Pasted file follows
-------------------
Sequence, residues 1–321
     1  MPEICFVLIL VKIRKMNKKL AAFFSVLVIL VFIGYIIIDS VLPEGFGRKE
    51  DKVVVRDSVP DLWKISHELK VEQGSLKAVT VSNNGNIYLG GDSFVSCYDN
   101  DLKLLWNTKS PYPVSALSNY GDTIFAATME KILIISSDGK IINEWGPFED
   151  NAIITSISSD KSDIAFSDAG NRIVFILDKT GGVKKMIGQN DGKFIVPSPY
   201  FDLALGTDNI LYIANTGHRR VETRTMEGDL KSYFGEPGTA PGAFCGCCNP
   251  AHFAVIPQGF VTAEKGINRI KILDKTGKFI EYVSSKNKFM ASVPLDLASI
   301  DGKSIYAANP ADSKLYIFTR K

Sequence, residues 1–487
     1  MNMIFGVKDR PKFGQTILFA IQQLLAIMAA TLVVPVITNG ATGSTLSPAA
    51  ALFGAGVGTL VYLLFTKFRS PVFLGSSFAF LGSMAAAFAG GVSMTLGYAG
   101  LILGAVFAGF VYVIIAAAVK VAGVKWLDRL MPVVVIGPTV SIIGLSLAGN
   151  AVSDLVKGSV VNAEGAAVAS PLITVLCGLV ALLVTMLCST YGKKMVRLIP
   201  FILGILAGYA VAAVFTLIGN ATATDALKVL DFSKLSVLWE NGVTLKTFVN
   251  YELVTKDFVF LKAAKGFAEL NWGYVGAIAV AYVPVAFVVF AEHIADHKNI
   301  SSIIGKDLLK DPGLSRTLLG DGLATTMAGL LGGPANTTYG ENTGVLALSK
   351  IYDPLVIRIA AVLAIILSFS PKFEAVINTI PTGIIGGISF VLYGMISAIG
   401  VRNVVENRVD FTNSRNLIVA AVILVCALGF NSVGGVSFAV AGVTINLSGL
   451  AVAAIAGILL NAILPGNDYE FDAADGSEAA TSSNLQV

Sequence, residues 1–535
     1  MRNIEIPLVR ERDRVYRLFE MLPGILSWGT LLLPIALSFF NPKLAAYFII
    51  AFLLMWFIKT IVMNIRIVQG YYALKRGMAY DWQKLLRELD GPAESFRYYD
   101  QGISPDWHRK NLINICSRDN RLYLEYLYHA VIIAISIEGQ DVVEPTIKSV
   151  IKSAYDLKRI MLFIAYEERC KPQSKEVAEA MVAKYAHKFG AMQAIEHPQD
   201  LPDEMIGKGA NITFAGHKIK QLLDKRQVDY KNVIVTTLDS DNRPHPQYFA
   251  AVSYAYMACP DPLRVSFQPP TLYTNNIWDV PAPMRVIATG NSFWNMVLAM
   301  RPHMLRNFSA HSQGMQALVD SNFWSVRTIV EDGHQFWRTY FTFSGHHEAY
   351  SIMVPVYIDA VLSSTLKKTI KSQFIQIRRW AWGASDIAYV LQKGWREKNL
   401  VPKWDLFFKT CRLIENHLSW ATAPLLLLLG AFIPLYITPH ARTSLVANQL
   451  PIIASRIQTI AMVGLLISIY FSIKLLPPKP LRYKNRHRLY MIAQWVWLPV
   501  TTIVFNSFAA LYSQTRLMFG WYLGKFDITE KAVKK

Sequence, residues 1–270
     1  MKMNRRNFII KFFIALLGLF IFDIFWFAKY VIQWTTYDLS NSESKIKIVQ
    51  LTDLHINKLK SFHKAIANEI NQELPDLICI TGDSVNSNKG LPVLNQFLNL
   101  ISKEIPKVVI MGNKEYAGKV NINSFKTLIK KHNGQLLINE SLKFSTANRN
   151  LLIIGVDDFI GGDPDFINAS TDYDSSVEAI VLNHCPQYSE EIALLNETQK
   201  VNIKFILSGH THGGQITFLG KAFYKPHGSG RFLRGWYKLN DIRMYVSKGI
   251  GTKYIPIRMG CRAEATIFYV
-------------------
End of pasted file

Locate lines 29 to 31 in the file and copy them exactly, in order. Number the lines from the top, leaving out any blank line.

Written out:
   401  VPKWDLFFKT CRLIENHLSW ATAPLLLLLG AFIPLYITPH ARTSLVANQL
   451  PIIASRIQTI AMVGLLISIY FSIKLLPPKP LRYKNRHRLY MIAQWVWLPV
   501  TTIVFNSFAA LYSQTRLMFG WYLGKFDITE KAVKK